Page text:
By Peter Thomas Ricci
When I was a kid, I was a big fan of the ESPN program “Sportscenter.” In addition to the program’s fun anchors and deep sports coverage, I also delighted in the “This is Sportscenter” commercials – original ads that ESPN produced featuring its roster of anchors. Goofy and self referential, the commercials were also heavy on pop culture references, and in one, two rival factions of ESPN anchors were engaged in a street brawl, but rather than use weapons, they simply approached one another ominously, snapping their fingers.
I mention that commercial because it is, for me, the ultimate example of how ubiquitous “West Side Story” truly is, how the musical – with music by Leonard Bernstein and lyrics by Stephen Sondheim – has entered the zeitgeist; therefore, it is a testament to the Lyric Opera’s new production of “West Side Story” that the material still feels as fresh, vital, and exciting as when Jerome Robbins directed it on Broadway in 1957.
Although my introduction would, seemingly, undermine the need for a plot synopsis, it’s worthwhile covering the basics: a modernization of “Romeo and Juliet,” “West Side Story” focuses on the doomed love of Maria and Tony, two teenage New Yorkers from warring demographics. Maria, a recent immigrant from Puerto Rico, is the younger sister of Bernardo, the leader of the Puerto Rican gang The Sharks; Tony, meanwhile, is a lieutenant in The Jets, a Polish gang in the same Upper West Side neighborhood. Although deeply in love, Tony and Maria’s romance is not to last, and is undone by the endless manifestations of the gangs’ conflict.
There are many, many positives to Lyric’s production of “West Side Story,” and I will begin with the casting. Lyric has always casted top-notch talent in its musical theater productions, and with “West Side Story,” it has brought dynamic Broadway talents to the Lyric stage, many of them for the first time. As Maria, Mikaela Bennett is a gem, with a soaring soprano and plucky stage presence; as Tony, Corey Cott is effortlessly charismatic, with a strong, expressive tenor; and rounding out the leads is Amanda Castro as Anita, who is all fire and dynamism in a role originated by the legendary Rita Moreno. “West Side Story,” though, is a uniquely ensemble musical, and the full cast is chockfull of wonderful performers, all of whom handle Jerome Robbins’ legendary choreography with aplomb.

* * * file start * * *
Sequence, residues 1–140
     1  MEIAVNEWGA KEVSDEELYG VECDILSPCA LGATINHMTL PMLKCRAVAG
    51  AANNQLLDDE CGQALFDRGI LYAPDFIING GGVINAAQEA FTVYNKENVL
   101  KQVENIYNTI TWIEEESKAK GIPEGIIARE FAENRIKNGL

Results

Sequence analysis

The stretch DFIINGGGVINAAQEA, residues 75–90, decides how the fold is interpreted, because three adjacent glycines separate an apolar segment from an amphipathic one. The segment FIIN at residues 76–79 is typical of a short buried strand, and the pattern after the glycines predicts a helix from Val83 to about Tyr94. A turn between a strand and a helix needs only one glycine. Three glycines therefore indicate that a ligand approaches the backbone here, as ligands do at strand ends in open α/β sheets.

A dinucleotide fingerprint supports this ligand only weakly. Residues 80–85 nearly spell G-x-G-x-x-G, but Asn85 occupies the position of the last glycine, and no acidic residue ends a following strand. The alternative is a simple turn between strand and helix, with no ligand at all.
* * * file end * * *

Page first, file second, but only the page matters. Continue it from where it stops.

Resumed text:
I also must praise Lyric’s production talent, which effectively balance the sophistication of the operatic hall with the necessary urban authenticity. Peter J. Davison’s sets are magnificent: towering high rises and chain-linked fences intermingle with neon signs and water towers, with all the elements switching and rotating to accommodate the shifting sets (the way Davison incorporates Maria’s bedroom is particularly virtuosic). Mark McCullough’s lighting is similarly masterful, with impressionistic shades of orange, blue, and purple capturing the night’s skies and accentuating the themes of the music; for instance, I can safely say that “Something’s Coming” has never felt as magical as it did on the Lyric stage, with Cott’s performance backed by a brilliant backdrop of orange and red.
And then there are the show’s politics, which director Francesca Zambello refuses to ignore. In today’s political climate – when such questions as citizenship, identity, and immigration are being debated with a frightening fervor – it is downright thrilling to watch such issues play out through the exuberance of dance. Puerto Rico is, for all intents and purposes, a colony of the United States, one that is continually shafted in its position (the recent hurricane very much brought those issues screaming to the surface); and in the end, there is something delightfully radical about seeing Puerto Rican culture so unabashedly celebrated in a space as grand as Lyric Opera, and the talents involved are to be commended for doing so.
Playing through June 2 at Lyric Opera, 20 N Wacker Dr, Chicago IL, 60606
Tickets can be purchased at lyricopera.org, or by calling 312-827-5600
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